Second, under these circumstances, the Apostles are entrusted with both a spiritual and temporal leadership role. They not only preach the gospel, but also oversee the distribution of financial assistance to the less fortunate members of the community. The Church here forms a social safety net in an era when Social Security, life insurance, Medicare, and welfare programs did not exist.

Witnessing by Word and Love

During this time of harmony in the Christian community at Jerusalem, the apostles bear witness to the resurrection of Jesus. They publicly proclaim him risen from the dead and tell the message of his life. Their consistent witnessing wins them some popularity even in the midst of a tense environment. The whole community offers support to their word by the witness of their love. When Christians love one another, serve one another and honor one another, the world takes notice. When Jesus taught the disciples, he insisted on no less than this:

A new commandment I give to you, that you love one another; even as I have loved you, that you also love one another. By this all men will know that you are my disciples, if you have love for one another (John 13:34-35 RSV).

The early Christians live out this commandment of love and demonstrate this love with their pocketbooks.

The Body of Christ

Building on this idea, St. Paul likened the unity of Christians with one another to the unity of the parts of the human body. He teaches that though we have different roles, God wants “that there may be no discord in the body, but that the members may have the same care for one another. If one member suffers, all suffer together; if one member is honored, all rejoice together” (1Cor 12:25-26 RSV). So the Christians shared their money, shared their lives, but also shared suffering, and shared honor.

An orchestra or choir of wannabe soloists sounds awful. Nobody wants to hear selfish musicians trying to hog the limelight with their competition of virtuosity. In the same way, we don’t want to be soloist Christians, trying to impress others with our piety while essentially hoarding the gifts God has given us. Sharing is difficult and complicated, messy and often unequal, yet by pouring ourselves out for others generously, giving freely, showing hospitality, and offering ourselves as witnesses to the Love which brought the Son of God back from the grave, we prove ourselves true disciples. Love challenges us because it requires commitment, but an orchestra sounds much more beautiful than a lone violinist on a stage.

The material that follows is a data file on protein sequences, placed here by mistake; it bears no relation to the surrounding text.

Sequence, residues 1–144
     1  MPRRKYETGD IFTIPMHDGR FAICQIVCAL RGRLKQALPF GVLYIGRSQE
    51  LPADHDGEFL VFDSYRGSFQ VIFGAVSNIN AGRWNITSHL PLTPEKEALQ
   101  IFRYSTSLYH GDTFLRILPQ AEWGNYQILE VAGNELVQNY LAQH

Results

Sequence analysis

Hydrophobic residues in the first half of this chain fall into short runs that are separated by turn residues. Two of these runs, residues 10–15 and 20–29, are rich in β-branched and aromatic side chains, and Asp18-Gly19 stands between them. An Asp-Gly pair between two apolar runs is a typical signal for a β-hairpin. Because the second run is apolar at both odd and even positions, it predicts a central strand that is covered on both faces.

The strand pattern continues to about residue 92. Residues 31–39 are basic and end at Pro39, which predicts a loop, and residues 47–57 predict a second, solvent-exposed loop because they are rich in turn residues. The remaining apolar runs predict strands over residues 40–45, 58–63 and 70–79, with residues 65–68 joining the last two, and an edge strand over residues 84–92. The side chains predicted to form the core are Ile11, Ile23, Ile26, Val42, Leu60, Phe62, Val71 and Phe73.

Dr. Mark Giszczak


Mark Giszczak (“geese-check”) was born and raised in Ann Arbor, MI. He studied philosophy and theology at Ave Maria College in Ypsilanti, MI and Sacred Scripture at the Augustine Institute of Denver, CO. He recently received his Ph. D. in Biblical Studies at the Catholic University of America. He currently teaches courses in Scripture at the Augustine Institute, where he has been on faculty since 2010. Dr. Giszczak has participated in many evangelization projects and is the author of the blog. He has written introductions to every book of the Bible that are hosted at Dr. Giszczak, his wife and their daughter, live in Colorado where they enjoy camping and hiking in the Rocky Mountains.